I’ll be reviewing Jeff Koseff’s “The Twenty Six Words that Created the Internet” very soon (on Wordpress), but I wanted to note here his mention of the Federal Trafficking Victims Reauthorization Act (TVPRA) on p. 256 and 270 (also named after William Wilberforce), text.
There are special ways it applies to the children of immigrants on the border (link).
It appears to have been passed first in 2005 and revised in 2008 and 2018. The video embedded above comes from 2014.
Section 230 always allowed federal prosecutions against platforms that broke federal laws or which knowingly allowed users to do so (mainly with regard to child pornography and mandatory reporting to National Center for Missing and Exploited Children in Alexandria, VA), it had blocked civil lawsuits from victims, but FOSTA now explicitly allows these lawsuits. Furthermore, the language of FOSTA was enlarged to include all commercial prostitution, with attendant exposure to civil liability (which can also include exposure under state laws).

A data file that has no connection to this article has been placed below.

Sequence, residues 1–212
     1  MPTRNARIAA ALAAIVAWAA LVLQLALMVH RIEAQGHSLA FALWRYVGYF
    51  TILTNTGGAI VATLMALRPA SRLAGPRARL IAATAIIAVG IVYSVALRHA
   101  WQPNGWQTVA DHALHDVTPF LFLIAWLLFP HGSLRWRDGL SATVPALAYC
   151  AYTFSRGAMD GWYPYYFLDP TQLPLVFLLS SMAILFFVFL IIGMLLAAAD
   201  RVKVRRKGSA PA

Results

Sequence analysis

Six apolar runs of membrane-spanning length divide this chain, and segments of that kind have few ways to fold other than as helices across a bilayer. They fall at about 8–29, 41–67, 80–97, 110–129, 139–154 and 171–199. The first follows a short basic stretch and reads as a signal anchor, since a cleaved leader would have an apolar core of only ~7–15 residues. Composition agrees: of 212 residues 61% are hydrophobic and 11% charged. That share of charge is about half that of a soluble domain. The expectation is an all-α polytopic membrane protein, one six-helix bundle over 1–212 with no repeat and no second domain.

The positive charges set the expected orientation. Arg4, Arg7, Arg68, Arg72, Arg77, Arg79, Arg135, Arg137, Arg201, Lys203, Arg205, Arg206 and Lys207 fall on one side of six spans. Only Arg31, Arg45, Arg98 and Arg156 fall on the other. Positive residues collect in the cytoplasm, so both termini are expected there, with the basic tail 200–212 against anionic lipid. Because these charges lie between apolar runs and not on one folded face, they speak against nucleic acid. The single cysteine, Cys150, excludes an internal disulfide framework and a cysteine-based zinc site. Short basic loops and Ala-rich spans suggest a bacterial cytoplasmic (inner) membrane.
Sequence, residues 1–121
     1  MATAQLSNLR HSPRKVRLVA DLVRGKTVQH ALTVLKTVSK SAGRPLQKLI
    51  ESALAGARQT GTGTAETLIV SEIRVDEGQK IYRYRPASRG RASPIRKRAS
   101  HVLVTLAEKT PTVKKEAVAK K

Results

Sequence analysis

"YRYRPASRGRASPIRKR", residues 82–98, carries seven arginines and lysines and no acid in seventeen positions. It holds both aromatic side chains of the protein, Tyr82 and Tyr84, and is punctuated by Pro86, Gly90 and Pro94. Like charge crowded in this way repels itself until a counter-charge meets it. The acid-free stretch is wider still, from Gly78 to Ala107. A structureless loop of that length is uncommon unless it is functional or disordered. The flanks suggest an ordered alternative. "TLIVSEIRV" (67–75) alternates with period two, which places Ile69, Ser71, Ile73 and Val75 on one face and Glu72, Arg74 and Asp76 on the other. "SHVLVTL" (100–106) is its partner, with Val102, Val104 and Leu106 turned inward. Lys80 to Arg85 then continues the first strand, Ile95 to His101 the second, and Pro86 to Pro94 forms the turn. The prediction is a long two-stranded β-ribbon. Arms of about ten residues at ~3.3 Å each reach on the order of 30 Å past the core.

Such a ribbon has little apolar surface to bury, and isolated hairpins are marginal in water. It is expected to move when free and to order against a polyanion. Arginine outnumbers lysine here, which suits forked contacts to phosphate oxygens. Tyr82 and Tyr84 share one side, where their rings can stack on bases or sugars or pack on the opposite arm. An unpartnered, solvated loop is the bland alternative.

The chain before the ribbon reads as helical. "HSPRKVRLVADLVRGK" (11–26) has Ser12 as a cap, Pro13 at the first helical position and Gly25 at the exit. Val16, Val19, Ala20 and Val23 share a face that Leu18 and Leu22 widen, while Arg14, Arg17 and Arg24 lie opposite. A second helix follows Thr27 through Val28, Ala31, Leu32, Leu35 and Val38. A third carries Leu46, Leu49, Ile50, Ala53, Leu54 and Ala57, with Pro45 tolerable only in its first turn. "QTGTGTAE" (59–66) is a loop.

That’s one reason why Craigslist and various other sites stopped various personals services, because it seemed so subjective what “knowing” means (like in the 2009 sci-fi movie about a coming apocalypse).Decorative Picture: Along US 301 in MD, no specific significance